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Utah Celebrates 15 Years of Idle Free Awareness and Action for 2022-2023 Winter Season

September marks the 15th Annual Governor Declaration for Idle Free in Utah September 2022 and the 2022-2023 Winter Season. The Governor’s Declaration is currently supported by over 60 Utah Mayors who represent more than ¾ of the state’s population. The highly anticipated event was held on Thursday, September 1st at 11 AM at the Utah State Capitol. Key leaders and advocates for the Idle Free shared their stories, work and support of this unique Utah campaign for clean air and zero emissions. 

This is the 15th anniversary of Utah’s beloved Idle Free Campaign, “Turn Your Key, Be Idle Free” and the annual opportunity to announce Utah’s official Idle Free Month and Winter Season 2022-2023.  Today we reflect on the past 15 years with a sense of accomplishment. This initiative has inspired statewide idle free policies, as well as action by school districts, cities, towns, counties, and Zion National Park. We recognize the consistent hard work of the Bipartisan Clean Air Caucus, Utah Idle Free fleets and most importantly, the collective of individual action- a ten-second commitment to turn the key.” Tammie Bostick, Executive Director, Utah Clean Cities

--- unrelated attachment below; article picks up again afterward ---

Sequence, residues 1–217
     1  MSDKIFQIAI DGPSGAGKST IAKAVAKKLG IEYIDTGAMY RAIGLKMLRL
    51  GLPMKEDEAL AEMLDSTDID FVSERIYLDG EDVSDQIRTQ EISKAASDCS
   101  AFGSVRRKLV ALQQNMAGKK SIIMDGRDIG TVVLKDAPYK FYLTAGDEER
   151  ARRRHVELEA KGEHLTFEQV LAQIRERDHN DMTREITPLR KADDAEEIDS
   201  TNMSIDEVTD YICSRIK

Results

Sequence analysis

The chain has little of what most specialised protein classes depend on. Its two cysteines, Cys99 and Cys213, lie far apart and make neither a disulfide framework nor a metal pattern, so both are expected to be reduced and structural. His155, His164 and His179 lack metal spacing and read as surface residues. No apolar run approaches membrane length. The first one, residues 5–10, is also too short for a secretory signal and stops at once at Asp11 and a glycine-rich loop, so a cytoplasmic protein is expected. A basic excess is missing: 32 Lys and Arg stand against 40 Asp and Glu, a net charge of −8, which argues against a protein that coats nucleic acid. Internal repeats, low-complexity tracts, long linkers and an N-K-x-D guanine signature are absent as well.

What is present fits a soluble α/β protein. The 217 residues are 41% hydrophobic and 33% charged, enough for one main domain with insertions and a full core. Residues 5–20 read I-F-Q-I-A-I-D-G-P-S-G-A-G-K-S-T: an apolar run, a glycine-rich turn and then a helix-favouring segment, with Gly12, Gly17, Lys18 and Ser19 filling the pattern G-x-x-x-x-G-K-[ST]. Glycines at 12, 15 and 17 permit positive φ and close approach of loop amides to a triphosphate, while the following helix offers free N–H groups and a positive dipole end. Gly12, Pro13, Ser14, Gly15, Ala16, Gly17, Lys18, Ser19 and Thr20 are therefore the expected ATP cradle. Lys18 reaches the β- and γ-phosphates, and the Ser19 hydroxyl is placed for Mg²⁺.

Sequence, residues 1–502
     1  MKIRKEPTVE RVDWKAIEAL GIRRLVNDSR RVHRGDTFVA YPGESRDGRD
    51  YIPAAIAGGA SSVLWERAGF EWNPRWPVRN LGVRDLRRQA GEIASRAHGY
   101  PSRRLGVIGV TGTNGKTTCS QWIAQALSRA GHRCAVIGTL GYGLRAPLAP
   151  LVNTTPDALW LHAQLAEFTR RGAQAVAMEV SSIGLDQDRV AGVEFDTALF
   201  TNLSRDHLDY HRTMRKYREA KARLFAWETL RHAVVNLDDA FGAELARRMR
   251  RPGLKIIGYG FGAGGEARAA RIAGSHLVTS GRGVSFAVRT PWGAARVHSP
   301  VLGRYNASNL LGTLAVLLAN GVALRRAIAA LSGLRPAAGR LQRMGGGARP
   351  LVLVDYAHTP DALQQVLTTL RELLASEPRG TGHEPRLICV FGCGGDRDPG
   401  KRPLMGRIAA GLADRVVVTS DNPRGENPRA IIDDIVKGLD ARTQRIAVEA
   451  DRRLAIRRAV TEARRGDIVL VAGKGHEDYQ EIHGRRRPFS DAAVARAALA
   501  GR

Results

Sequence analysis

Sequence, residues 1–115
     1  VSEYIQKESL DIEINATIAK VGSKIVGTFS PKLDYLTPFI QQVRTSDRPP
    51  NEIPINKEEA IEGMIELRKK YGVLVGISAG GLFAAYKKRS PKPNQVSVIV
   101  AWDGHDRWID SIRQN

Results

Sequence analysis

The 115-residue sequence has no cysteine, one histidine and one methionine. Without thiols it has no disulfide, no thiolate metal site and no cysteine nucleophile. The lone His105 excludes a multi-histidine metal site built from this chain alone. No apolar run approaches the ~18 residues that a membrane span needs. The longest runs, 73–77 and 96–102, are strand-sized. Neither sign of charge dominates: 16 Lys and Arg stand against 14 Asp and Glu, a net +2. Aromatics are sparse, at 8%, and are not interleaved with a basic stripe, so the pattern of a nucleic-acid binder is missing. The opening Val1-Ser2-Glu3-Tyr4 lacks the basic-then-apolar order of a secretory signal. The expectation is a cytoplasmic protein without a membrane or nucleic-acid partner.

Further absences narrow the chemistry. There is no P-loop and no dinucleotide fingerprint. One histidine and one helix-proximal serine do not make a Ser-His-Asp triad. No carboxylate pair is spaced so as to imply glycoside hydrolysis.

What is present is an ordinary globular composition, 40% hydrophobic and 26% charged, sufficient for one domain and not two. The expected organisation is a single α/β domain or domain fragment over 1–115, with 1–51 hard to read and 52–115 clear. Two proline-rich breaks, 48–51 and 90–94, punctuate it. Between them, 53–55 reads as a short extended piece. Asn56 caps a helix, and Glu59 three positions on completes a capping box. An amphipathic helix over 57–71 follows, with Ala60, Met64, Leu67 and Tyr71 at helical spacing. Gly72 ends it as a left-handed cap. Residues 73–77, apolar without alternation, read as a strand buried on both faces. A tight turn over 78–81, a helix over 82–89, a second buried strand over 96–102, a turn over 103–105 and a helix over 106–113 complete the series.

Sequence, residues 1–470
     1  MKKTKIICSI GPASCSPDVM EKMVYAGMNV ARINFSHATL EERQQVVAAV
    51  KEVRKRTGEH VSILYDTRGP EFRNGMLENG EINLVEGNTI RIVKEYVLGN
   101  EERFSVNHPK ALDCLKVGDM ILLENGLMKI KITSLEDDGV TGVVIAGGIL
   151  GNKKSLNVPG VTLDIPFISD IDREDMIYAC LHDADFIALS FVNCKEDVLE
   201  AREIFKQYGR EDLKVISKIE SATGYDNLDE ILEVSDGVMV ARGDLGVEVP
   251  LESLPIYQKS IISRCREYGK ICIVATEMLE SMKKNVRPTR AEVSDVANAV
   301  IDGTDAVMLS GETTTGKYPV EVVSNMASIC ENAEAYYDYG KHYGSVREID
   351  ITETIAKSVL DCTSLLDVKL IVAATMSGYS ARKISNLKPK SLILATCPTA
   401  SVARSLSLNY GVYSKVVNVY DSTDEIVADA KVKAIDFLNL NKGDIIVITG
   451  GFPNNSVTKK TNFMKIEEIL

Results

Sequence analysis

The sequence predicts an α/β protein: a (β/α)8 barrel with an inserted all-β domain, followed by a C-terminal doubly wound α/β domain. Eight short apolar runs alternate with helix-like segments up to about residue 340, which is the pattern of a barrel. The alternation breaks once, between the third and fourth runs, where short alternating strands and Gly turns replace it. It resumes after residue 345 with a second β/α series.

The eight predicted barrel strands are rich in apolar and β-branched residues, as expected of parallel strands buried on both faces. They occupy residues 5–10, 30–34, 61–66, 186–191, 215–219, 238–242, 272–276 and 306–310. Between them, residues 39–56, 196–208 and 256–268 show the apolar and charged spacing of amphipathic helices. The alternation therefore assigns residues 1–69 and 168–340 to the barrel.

In 2021, Utah Clean Cities and Intermountain Healthcare partnered to bring awareness to the impacts idling has on individual and community health through an updated signage campaign.  These updated visual images of the Idle Free signs can be seen throughout Intermountain Healthcare Campuses. Ten signs were installed at Utah Valley Hospital in September 2021. These signs remind visitors of the importance of turning off our vehicles to support the safety and well-being of employees, patients, and visitors.